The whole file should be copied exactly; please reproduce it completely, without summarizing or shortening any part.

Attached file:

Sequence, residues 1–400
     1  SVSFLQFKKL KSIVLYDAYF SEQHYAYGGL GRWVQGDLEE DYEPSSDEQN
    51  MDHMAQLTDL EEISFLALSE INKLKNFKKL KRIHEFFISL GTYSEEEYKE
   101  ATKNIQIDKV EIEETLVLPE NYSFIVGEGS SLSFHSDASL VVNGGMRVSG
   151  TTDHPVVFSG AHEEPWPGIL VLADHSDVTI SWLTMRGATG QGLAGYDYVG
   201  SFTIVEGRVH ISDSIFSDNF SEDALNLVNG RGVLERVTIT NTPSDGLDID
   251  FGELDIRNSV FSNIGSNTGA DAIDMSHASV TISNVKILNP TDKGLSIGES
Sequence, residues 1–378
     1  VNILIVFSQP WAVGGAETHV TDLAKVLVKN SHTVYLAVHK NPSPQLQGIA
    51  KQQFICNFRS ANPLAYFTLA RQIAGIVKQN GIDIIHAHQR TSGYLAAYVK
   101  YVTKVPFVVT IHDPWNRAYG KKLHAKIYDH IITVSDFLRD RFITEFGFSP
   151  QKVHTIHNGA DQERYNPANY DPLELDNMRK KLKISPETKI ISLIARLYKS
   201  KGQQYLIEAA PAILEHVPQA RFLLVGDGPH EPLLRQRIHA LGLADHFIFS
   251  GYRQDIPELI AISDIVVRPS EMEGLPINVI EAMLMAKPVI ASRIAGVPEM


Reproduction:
Sequence, residues 1–400
     1  SVSFLQFKKL KSIVLYDAYF SEQHYAYGGL GRWVQGDLEE DYEPSSDEQN
    51  MDHMAQLTDL EEISFLALSE INKLKNFKKL KRIHEFFISL GTYSEEEYKE
   101  ATKNIQIDKV EIEETLVLPE NYSFIVGEGS SLSFHSDASL VVNGGMRVSG
   151  TTDHPVVFSG AHEEPWPGIL VLADHSDVTI SWLTMRGATG QGLAGYDYVG
   201  SFTIVEGRVH ISDSIFSDNF SEDALNLVNG RGVLERVTIT NTPSDGLDID
   251  FGELDIRNSV FSNIGSNTGA DAIDMSHASV TISNVKILNP TDKGLSIGES
Sequence, residues 1–378
     1  VNILIVFSQP WAVGGAETHV TDLAKVLVKN SHTVYLAVHK NPSPQLQGIA
    51  KQQFICNFRS ANPLAYFTLA RQIAGIVKQN GIDIIHAHQR TSGYLAAYVK
   101  YVTKVPFVVT IHDPWNRAYG KKLHAKIYDH IITVSDFLRD RFITEFGFSP
   151  QKVHTIHNGA DQERYNPANY DPLELDNMRK KLKISPETKI ISLIARLYKS
   201  KGQQYLIEAA PAILEHVPQA RFLLVGDGPH EPLLRQRIHA LGLADHFIFS
   251  GYRQDIPELI AISDIVVRPS EMEGLPINVI EAMLMAKPVI ASRIAGVPEM